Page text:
The EBT situation looked grim nationwide. EBT vendors were losing money and consequently either increasing the costs to states or dropping out of the EBT market. Thus, Texas was faced with a noncompetitive market in which to create a successor to the original EBT system, and time was quickly running out.

    After reviewing the recommendations of an independent analysis, DHS (in conjunction with legislative approval and EBT task force guidance) chose to pursue an innovative EBT alternative that involved acquiring certain Transactive assets and selectively outsourcing other components to multiple vendors to create a complete EBT system. The new program was called EBT-2. DHS was to become the integrator for the overall EBT-2 system. This was an entirely new role for a state agency in EBT, leaving LSTD without a roadmap to follow.

    In late 1999, DHS awarded contracts to Northrop Grumman Technical Services, Inc. (NGTSI) for central processing; Affiliated Computer Services (ACS) for retailer management; and GTECH for call center services. Contracts with the EBT-2 vendors were finalized and executed in May 2000. NGTSI maintained central processing hardware and software. ACS provided retailer management, including settlement and reconciliation for third-party processors, the EBT-only point-of-sale network, and card issuance services. GTECH provided the call center for Texas clients and retailers to contact with questions or problems related to the Lone Star card. Call center services were available 24 hours per day, 7 days per week.

    With this innovative multiple-vendor approach, LSTD became the prime "vendor", generating expressions of serious concern by the primary EBT vendor community for the successful continuation of Texas EBT operations. In order to disprove the naysayers, the team focused on its primary goal - no disruption to the clients.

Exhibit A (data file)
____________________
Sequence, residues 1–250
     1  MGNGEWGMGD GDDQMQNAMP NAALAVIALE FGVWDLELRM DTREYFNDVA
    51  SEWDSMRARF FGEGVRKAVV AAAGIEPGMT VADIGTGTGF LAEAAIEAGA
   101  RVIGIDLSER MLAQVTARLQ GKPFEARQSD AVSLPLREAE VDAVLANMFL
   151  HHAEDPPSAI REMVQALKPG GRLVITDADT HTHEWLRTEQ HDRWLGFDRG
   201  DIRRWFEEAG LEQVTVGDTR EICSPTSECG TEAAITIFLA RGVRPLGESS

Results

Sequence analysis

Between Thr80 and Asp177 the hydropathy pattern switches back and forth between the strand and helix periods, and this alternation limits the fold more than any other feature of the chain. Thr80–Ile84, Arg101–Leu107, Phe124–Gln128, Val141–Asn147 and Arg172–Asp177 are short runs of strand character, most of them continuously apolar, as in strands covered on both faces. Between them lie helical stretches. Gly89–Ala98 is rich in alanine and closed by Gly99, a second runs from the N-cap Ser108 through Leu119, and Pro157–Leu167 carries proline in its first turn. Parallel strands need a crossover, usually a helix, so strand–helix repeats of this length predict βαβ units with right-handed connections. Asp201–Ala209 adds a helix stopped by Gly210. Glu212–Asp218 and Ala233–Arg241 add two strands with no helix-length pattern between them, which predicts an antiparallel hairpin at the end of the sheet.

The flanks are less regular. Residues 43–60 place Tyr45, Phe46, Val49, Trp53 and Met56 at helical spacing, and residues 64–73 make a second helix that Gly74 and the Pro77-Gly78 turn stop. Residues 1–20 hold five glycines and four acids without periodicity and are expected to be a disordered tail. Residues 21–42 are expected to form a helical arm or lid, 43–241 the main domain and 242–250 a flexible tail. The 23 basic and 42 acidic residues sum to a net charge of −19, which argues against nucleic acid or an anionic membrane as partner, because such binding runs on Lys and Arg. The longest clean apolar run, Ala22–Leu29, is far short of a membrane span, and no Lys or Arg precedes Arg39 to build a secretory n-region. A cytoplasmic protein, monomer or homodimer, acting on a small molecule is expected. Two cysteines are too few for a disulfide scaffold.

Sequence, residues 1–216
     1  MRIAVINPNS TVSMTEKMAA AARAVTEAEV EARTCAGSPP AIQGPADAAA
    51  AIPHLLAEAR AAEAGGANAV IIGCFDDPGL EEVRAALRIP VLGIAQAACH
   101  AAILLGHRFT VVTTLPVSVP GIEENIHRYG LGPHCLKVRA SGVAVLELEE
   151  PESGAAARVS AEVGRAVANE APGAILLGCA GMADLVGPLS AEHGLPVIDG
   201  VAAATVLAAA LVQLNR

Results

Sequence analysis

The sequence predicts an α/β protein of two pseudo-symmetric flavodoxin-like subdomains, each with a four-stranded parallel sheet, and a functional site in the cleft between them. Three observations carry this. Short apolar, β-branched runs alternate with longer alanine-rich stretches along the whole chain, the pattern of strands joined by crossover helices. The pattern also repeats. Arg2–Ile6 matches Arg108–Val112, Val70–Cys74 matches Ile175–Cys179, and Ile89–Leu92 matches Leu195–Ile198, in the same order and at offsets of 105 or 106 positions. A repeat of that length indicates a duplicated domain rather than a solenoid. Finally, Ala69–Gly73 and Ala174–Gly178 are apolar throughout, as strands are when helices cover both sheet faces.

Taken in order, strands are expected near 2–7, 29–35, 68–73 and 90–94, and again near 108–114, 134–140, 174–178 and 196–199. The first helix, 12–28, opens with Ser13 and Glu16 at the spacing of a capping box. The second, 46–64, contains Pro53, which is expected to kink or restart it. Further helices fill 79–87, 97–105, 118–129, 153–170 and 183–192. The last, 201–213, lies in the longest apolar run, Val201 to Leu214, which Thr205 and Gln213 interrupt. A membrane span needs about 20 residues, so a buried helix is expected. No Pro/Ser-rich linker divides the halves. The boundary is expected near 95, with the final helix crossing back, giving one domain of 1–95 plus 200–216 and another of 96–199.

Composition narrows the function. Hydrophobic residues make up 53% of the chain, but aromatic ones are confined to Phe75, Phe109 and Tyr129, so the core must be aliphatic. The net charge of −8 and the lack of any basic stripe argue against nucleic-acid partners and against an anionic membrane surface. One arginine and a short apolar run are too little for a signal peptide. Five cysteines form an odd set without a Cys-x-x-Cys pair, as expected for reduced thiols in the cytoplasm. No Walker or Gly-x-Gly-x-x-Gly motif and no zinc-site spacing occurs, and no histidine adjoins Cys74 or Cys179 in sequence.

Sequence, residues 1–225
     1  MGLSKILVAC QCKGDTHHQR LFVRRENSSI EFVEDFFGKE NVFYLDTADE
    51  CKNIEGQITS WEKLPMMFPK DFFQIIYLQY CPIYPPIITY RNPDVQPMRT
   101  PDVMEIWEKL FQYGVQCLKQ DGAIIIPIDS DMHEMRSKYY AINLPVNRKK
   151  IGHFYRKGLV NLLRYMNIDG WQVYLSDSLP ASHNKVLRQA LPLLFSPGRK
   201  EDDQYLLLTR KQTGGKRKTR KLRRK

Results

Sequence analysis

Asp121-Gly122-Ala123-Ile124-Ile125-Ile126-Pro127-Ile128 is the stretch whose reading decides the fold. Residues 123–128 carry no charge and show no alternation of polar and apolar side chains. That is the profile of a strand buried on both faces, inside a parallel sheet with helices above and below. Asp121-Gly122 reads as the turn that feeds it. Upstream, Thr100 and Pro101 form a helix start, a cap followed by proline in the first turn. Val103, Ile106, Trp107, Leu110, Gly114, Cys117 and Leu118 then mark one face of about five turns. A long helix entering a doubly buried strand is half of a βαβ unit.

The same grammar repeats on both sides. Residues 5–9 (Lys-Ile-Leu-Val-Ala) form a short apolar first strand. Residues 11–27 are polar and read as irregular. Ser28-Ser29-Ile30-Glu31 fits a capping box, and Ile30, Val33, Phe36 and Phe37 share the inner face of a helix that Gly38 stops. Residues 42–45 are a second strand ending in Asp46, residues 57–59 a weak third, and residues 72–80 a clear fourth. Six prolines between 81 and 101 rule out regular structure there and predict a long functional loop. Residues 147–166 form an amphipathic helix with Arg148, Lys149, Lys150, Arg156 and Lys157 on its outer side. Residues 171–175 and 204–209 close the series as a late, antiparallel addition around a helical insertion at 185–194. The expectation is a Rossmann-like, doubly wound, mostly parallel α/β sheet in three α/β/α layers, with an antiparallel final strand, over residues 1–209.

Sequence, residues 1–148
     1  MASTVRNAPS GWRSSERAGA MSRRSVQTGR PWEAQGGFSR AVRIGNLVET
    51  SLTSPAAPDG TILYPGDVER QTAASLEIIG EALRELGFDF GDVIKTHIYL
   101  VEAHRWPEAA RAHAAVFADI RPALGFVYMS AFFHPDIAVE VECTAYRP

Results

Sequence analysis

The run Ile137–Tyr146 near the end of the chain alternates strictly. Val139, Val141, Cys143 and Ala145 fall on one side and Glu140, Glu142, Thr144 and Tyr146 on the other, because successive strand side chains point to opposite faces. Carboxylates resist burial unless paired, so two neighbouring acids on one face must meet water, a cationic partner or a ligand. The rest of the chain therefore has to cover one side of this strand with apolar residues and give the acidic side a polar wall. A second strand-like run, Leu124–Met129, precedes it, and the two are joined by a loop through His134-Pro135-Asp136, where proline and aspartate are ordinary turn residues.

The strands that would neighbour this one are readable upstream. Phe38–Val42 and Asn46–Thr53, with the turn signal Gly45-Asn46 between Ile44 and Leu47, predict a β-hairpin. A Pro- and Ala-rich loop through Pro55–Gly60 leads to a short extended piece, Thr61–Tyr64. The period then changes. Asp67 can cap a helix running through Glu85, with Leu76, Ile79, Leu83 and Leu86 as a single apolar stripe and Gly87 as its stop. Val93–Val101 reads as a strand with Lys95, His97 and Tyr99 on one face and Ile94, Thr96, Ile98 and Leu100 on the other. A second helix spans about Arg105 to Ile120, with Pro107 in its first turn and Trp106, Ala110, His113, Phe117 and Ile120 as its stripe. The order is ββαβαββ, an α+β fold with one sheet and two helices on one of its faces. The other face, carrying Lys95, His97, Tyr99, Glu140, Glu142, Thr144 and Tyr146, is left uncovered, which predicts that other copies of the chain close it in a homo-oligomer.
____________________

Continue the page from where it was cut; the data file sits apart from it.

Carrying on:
The LSTD team and its vendor partners worked together to successfully complete the transition to EBT-2 on February 25, 2001, with virtually no interruption in service, thus becoming the nation's first public-private EBT solution with the state acting as the prime vendor.

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    TRANSITION TO EBT-3
    On April 1, 2004, state services were consolidated and LSTD was transferred to the Health and Human Services Commission (HHSC). In 2006, LSTD became Lone Star Business Services (LSBS). Through the dedication and skill of the LSBS team, the EBT-2 system continued to provide Texas clients with efficient, accessible services. 

    During 2007, LSBS transitioned EBT-2 to EBT-3 by reprocuring the call center and retailer management vendor contracts, and the application software support portion of the current central processor contract. Data center services, previously included in the central processor contract, was transitioned to the Department of Information Resources (DIR) through an interagency agreement.

    Affiliated Computer Services (ACS) began providing EBT-3 call center services for Texas clients in May 2007. On February 28, 2007, the retailer management EBT-2 contract with ACS was renewed for EBT-3. When the central processor contract expired on August 31, 2007, Simpatico Software Systems, Inc. began providing application software support for EBT-3. LSBS ensures that the multi-vendor EBT program continues to function seamlessly for Texas clients.

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Updated:  Friday, April 25, 2008